Host Segment Two:

Joel and the ‘Bots do a segment called “Reel to Real,” comparing a number of unrealistic situations in the movie to what would happen in real life. For example, in the movie, the old man and his beautiful teenage daughter offer Derek a place to stay at no charge, while in real life he would probably be living in a refrigerator box.

Host Segment Three:

Joel and the ‘Bots jettison a bunch of movie theater snacks into space, aiming for a floating trashcan. They sing a peppy tune about not littering in the theater.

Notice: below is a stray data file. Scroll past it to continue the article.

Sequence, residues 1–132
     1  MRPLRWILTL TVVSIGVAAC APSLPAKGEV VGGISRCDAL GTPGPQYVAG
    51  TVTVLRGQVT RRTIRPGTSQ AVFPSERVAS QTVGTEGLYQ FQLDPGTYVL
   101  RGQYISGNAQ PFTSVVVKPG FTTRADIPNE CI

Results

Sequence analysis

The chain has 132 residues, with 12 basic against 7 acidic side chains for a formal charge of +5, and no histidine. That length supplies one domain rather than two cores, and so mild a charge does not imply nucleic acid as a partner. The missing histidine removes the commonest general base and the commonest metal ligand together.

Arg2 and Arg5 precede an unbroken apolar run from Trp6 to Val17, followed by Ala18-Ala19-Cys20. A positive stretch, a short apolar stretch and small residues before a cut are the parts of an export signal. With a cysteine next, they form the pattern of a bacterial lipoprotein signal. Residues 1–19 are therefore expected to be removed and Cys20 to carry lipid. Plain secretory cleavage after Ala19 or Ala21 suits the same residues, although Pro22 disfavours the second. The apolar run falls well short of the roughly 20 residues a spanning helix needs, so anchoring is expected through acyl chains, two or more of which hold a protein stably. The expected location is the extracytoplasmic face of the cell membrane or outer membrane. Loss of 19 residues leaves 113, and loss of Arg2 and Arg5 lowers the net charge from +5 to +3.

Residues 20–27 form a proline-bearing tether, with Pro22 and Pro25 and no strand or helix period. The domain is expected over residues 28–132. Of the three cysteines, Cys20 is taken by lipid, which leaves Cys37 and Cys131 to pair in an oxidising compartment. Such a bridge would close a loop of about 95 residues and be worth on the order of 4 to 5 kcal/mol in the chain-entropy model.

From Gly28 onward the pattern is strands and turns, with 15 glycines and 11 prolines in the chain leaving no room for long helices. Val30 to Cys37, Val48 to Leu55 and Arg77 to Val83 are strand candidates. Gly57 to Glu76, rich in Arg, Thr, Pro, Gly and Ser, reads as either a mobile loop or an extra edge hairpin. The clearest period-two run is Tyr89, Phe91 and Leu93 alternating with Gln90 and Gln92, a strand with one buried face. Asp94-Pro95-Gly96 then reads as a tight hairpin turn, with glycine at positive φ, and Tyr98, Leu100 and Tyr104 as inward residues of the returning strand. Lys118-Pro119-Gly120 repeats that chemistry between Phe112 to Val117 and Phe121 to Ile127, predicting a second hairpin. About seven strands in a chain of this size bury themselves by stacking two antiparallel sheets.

Host Segment Four:

A really cool spaceship with flames and skulls visits the Satellite, spinning donuts out in space. They try to contact the driver, but can only find a bad skeleton marionette.

Host Segment Five:

Joel and the ‘Bots model a series outfits decorated with various colors of duct tape. The session ends with a photo of the provocatively posed Crow, lying on a fur rug in the altogether. They read some letters. Down in Deep 13, Dr. Forrester takes Rescusi-Annie out to dinner, forcing TV’s Frank to play waiter. Quoth Frank, “Help me!”


The high court may well sentence you to TORTURE!